The internet is interconnection of LAN and WAN. Internet access is growing steadily throughout Africa, but there are still key barriers. Digital equity is no longer a theoretical problem in these eras of learning from home. Internet access is now an essential part of a successful education. The government should invest in the telecom sector like the energy and other sectors, by doing this internet problems will be solved throughout the Smiling Coast of Africa.
The development of telecoms markets has long been stymied by the lack of fixed-line infrastructure in rural and semi-rural regions, as well as by the poor quality of networks in those urban areas where they are concentrated. As a result, mobile networks provide the principal platform for voice and data connectivity. Depending on the market, between 90% and 98% of all internet connections are via mobile networks. As a result, governments and regulators alike have concentrated on this platform to deliver on their broadband targets, according to BuddeComm report in 2020.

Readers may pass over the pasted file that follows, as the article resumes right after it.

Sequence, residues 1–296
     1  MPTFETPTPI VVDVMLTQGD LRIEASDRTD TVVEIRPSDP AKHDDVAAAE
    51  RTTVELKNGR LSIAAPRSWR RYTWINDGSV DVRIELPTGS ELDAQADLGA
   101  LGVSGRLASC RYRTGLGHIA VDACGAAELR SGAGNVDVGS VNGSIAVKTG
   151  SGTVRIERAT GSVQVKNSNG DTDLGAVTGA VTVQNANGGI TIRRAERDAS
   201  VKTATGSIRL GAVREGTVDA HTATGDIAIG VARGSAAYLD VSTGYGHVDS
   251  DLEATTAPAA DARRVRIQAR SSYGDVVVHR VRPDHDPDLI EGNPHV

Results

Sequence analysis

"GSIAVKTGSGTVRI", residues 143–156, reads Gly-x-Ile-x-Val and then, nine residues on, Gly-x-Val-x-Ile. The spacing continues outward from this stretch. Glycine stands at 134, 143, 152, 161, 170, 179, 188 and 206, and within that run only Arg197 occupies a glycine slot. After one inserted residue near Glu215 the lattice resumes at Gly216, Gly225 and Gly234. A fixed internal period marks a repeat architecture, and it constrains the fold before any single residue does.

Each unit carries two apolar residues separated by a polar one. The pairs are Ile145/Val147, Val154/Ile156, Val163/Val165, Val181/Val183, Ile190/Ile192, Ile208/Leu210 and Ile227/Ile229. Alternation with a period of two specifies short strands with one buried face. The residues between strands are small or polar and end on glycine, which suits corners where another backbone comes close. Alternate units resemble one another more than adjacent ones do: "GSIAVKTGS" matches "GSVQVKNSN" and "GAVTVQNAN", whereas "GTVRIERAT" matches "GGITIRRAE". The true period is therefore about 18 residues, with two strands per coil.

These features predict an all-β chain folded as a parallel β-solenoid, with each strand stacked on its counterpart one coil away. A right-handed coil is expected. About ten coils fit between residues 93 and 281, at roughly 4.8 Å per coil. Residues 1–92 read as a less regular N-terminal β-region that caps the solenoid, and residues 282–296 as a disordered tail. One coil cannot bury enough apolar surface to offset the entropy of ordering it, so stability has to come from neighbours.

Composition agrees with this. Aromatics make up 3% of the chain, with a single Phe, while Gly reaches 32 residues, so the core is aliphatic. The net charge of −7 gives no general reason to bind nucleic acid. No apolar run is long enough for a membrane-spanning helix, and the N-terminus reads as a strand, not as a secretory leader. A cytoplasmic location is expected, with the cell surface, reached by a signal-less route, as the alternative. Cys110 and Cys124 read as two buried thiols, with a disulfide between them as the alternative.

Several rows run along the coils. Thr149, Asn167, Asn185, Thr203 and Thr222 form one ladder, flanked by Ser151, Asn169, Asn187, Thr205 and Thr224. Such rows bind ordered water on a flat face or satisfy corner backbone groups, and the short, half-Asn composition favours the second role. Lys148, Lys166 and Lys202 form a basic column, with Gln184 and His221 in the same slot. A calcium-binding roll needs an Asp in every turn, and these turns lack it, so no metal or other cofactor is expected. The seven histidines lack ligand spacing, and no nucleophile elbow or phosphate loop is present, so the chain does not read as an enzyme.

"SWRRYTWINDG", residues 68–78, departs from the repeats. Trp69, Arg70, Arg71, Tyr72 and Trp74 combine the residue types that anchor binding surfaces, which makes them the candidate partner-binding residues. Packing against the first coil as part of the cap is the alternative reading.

Similarly, this has been achieved by several strategies. One important challenge is providing sufficient spectrum in a coordinated fashion, thereby efficiently managing spectrum use for MNOs across borders. Many governments and regulators have been slow to release spectrum or have preferred to demand such high fees that potential licensees have baulked at bidding for concessions. This has contributed to insufficient spectrum availability and thus poor QoS and network coverage.
Though digitisation has accelerated in 2020, with much of the global economy moving online, this hasn’t been accompanied by an increase in the number of people with internet connections in their homes. However, the number of internet subscriptions worldwide is set to grow by just two per cent this year, down from eight per cent in 2019.